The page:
The social and economic burden of treatment-resistant schizophrenia: a systematic literature review

Int Clin Psychopharmacol. 2014 Mar;29(2):63-76. doi: 10.1097/YIC.0b013e32836508e6.


Patients with schizophrenia often fail to respond to an initial course of therapy. This study systematically reviewed the societal and economic burden of treatment-resistant schizophrenia (TRS). Studies that described patients with TRS published 1996-2012 were included if they collected primary data on clinical, social, or economic outcomes. All studies were independently reviewed and extracted by at least two investigators. Sixty-five studies were identified. Almost 60% (SD 18%) of patients failed to achieve response after 23 weeks on antipsychotic drug therapy. Patients with TRS had high rates of smoking (56%), alcohol abuse (51%), substance abuse (51%), and suicide ideation (44%). The incidence of severe adverse events to treatment was 4% (SD 7%). Mean quality of life for patients who were unresponsive or intolerant to treatment was ∼20% lower than that of patients in remission. Annual costs for patients with schizophrenia are $15 500-$22 300 and are 3-11-fold higher for patients with TRS. TRS remains common and costly, despite availability of many treatment options, and contributes to a significant loss in patient quality of life. Although estimates in the literature vary greatly, TRS conservatively adds more than $34 billion in annual direct medical costs in the USA.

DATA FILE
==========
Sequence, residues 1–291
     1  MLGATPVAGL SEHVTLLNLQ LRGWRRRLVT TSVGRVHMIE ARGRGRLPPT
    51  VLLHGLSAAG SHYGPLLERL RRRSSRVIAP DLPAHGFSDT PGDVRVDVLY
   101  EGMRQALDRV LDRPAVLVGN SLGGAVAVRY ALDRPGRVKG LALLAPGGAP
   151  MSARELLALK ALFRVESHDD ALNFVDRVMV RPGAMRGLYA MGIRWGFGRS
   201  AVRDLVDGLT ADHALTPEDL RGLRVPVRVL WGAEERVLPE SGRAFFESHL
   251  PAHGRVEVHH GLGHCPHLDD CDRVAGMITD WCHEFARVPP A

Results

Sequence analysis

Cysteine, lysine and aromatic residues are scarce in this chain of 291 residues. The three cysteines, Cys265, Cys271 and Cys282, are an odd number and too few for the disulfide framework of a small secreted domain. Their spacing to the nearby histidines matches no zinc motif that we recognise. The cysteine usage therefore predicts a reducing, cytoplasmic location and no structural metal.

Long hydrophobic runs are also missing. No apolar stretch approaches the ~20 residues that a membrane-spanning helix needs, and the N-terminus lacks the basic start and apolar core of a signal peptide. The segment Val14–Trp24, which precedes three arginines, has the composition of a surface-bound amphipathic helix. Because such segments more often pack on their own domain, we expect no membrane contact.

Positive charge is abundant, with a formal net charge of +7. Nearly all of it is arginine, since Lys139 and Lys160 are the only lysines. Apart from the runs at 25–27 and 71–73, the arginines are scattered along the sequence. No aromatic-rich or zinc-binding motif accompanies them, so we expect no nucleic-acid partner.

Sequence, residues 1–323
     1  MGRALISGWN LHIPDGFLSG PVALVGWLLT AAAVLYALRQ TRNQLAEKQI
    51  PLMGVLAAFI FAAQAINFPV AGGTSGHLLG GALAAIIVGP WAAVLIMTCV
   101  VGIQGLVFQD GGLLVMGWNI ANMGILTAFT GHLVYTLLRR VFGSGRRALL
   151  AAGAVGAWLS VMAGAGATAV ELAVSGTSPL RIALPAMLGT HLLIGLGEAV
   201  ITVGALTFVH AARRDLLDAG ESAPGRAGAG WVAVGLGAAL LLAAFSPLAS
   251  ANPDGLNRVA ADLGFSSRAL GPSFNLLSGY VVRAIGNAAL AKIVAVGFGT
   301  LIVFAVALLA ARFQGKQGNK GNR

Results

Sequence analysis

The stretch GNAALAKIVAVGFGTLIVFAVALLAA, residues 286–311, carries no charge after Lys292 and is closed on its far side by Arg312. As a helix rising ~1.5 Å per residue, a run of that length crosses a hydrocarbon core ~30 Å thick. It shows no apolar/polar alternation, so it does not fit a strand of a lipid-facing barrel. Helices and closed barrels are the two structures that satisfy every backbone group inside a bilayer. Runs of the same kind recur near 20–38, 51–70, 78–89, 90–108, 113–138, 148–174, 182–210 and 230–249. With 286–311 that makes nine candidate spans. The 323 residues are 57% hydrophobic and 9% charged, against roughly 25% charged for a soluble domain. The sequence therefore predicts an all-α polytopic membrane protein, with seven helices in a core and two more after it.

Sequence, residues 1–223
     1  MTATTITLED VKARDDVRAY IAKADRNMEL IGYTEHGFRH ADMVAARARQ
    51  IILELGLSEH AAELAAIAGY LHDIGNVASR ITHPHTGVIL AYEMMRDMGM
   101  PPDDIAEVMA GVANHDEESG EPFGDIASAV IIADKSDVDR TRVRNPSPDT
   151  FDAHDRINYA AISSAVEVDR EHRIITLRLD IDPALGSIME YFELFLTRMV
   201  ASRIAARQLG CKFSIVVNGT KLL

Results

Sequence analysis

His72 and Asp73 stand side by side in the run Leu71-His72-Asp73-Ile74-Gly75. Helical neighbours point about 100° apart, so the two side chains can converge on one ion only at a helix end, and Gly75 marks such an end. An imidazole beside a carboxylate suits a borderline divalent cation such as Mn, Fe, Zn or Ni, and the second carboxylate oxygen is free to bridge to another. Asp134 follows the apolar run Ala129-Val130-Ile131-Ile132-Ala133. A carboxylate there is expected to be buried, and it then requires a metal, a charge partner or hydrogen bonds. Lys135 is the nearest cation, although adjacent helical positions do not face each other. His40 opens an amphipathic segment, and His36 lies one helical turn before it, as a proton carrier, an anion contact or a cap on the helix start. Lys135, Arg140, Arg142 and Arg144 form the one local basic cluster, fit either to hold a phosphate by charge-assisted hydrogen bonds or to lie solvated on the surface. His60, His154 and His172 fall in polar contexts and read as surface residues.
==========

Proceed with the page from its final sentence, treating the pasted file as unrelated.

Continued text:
Publication types

  • Meta-Analysis
  • Research Support, Non-U.S. Gov't
  • Review
  • Systematic Review

MeSH terms

  • Antipsychotic Agents / adverse effects
  • Antipsychotic Agents / therapeutic use
  • Comorbidity
  • Cost of Illness
  • Costs and Cost Analysis
  • Drug Resistance
  • Humans
  • Psychiatric Status Rating Scales
  • Quality of Life
  • Randomized Controlled Trials as Topic
  • Schizophrenia / complications
  • Schizophrenia / economics*
  • Schizophrenia / epidemiology
  • Schizophrenia / therapy
  • Schizophrenic Psychology


  • Antipsychotic Agents